About Gum Diseases

What’s the Difference Between Gingivitis and Periodontitis?

Gingivitis. ~itis usually refers to ‘inflammation’ and ‘Gingivae’ is the origin for gums. So ‘Gum + Inflammation’.
Gingivitis is usually seen in patients before it progresses to Periodontitis (perio = periodontium/support structures of the teeth like bone & gums).

When bacteria or infection is not cleaned away from a wound – such as a cut on your finger for example, it becomes infected and inflamed. Gingivitis is a similar process, where bacteria in plaque is not effectively cleaned away – so the gum becomes inflames and infected.
The body’s immune system detects the bacteria and tries to fight it by making it inflamed, and sending chemicals in the blood to the area, with the hope that the chemicals and enzymes can break down the bacteria.

If left untreated, Gingivitis, will advance to ‘periodontitis’. As these chemicals and the inflammation in the area will start to damage other tissues and have little effect on the bacteria that isn’t being removed.

Periodontitis starts by the inner layers of gum and bone starting to be destroyed and ‘moving away’ from the bacteria next to the tooth. This creates small ‘pockets’ which actually lead to more plaque and debris collecting.
This process continues, with the body trying to fight the infection and move away from it, but inadvertently damaging your own gums and bone in the process.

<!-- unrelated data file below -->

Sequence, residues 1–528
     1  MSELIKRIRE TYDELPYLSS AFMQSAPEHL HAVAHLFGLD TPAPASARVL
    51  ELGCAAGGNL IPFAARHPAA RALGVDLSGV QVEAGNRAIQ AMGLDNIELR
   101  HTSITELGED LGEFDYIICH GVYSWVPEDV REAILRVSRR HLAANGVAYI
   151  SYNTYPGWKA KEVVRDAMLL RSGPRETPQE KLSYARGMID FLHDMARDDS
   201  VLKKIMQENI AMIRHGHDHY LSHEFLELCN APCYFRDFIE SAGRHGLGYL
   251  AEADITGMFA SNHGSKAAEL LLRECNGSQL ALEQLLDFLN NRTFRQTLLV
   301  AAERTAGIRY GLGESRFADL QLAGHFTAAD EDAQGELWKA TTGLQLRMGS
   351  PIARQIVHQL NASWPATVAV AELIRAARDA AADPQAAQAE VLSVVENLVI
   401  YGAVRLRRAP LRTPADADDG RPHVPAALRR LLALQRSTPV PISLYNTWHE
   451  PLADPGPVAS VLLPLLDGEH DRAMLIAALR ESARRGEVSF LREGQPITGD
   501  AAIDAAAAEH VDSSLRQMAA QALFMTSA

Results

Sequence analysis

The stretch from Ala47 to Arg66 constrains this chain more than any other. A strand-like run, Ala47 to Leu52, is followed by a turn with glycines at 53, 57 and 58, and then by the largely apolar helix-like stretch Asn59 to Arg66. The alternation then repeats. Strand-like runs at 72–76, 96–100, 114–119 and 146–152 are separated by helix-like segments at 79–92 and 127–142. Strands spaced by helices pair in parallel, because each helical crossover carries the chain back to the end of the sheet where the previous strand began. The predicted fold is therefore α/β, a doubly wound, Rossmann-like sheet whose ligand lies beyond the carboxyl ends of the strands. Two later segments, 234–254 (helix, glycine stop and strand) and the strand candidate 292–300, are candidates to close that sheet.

Eventually, these pockets can become deep enough to cause loss of bone, ultimately causing loss of teeth.

Although bacteria are the main cause of gum diseases, they can arise due to hormonal changes (pregnancy/puberty etc). Certain illnesses can also affect the gums such as cancers, HIV, diabetes, or immunocompromising conditions. Some medications also have an affect on the gums as they often reduce saliva – lowering the mouth’s natural protection mechanism. Smoking also causes problems as it can reduce blood flow, reduce healing, and ability to repair.

The Symptoms

Gum disease is usually pretty painless for most patients. Even in later stages of the disease, very little pain or discomfort are noticed. It is important to take note of your gum condition and to schedule regular appointments with your dentist to catch changes you may be unaware of.

Some symptoms to keep an eye out for are:

  • Gums that bleed during and after tooth brushing
  • Red, swollen, or tender gums
  • Persistent bad breath or bad taste in the mouth
  • Receding gums
  • Formation of deep pockets between teeth and gums
  • Loose or shifting teeth
  • Changes in the way teeth fit together upon biting down, or in the fit of partial dentures.
  • Even if you don’t notice any symptoms, you may still have some degree of gum disease. In some people, gum disease may affect only certain teeth, such as the molars. Only a dentist or a periodontist can recognize and determine the progression of gum disease

How Is Gum Disease Treated?

The goals of gum disease treatment are to try and encourage the body to stop fighting the area and to encourage the gums to re-attach to teeth; reduce swelling, the depth of pockets, and the risk of infection; and to stop disease progression. Treatment options depend on several factors and your dentist will go through them with you.

Ultimately, the main thing that needs to happen is effective removal of plaque and bacteria. With your help, dental clinicians are able to encourage healthy repair and stop the disease before it’s too late.
In addition to this, patients can also employ other health and lifestyle changes. Such things may be to stop smoking, reducing stress, maintaining a balanced diet, reducing clenching or teeth grinding. Your dental clinician may go through a few of these with you.